Submit only ONE copy of this form for each PI/PD and co-PI/PD identified on the proposal. The form(s) should be attached to the originalproposal as specified in GPG Section II.B. Submission of this information is voluntary and is not a precondition of award. This information willnot be disclosed to external peer reviewers. DO NOT INCLUDE THIS FORM WITH ANY OF THE OTHER COPIES OF YOUR PROPOSAL ASTHIS MAY COMPROMISE THE CONFIDENTIALITY OF THE INFORMATION.

    PI/PD Name:

    Gender: Male Female

    Ethnicity: (Choose one response) Hispanic or Latino Not Hispanic or Latino

    Race: (Select one or more)

    American Indian or Alaska Native

    Asian

    Black or African American

    Native Hawaiian or Other Pacific Islander

    White

    Disability Status: (Select one or more)

    Hearing Impairment

    Visual Impairment

    Mobility/Orthopedic Impairment

    Other

    None

    Citizenship: (Choose one) U.S. Citizen Permanent Resident Other non-U.S. Citizen

    Check here if you do not wish to provide any or all of the above information (excluding PI/PD name):

    REQUIRED: Check here if you are currently serving (or have previously served) as a PI, co-PI or PD on any federally fundedproject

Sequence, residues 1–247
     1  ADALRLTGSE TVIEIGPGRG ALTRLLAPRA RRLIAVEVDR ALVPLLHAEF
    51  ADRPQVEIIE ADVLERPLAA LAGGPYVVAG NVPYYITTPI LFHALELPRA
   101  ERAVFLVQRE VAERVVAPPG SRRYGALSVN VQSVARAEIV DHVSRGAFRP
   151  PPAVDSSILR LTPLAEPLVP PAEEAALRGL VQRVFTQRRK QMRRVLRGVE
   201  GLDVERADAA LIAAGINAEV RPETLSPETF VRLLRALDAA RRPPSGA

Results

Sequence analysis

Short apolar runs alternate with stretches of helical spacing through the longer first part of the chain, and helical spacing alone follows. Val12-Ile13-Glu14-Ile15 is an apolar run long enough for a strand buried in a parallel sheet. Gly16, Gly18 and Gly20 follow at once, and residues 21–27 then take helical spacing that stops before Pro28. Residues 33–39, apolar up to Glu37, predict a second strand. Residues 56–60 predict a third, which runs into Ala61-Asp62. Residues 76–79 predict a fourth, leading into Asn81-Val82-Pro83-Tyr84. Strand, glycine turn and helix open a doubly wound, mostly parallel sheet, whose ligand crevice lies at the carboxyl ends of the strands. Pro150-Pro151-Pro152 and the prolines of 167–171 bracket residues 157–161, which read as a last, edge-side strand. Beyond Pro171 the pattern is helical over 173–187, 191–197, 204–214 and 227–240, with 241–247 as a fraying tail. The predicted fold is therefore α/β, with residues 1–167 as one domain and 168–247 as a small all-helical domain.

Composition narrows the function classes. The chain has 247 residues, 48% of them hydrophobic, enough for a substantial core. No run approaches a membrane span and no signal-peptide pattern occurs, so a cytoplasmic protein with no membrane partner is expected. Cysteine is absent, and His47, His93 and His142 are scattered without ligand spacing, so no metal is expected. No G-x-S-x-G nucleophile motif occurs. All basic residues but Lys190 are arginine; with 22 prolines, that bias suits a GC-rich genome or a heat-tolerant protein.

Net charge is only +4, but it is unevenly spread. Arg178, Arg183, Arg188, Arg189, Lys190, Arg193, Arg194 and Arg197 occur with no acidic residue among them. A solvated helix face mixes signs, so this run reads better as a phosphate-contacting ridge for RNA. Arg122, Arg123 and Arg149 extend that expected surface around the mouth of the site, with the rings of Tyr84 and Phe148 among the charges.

Ethnicity Definition:Hispanic or Latino. A person of Mexican, Puerto Rican, Cuban, South or Central American, or other Spanish culture or origin, regardlessof race.Race Definitions:American Indian or Alaska Native. A person having origins in any of the original peoples of North and South America (including Central America), and who maintains tribal affiliation or community attachment.Asian. A person having origins in any of the original peoples of the Far East, Southeast Asia, or the Indian subcontinent including, for example, Cambodia, China, India, Japan, Korea, Malaysia, Pakistan, the Philippine Islands, Thailand, and Vietnam.Black or African American. A person having origins in any of the black racial groups of Africa.Native Hawaiian or Other Pacific Islander. A person having origins in any of the original peoples of Hawaii, Guam, Samoa,or other Pacific Islands.White. A person having origins in any of the original peoples of Europe, the Middle East, or North Africa.

    WHY THIS INFORMATION IS BEING REQUESTED: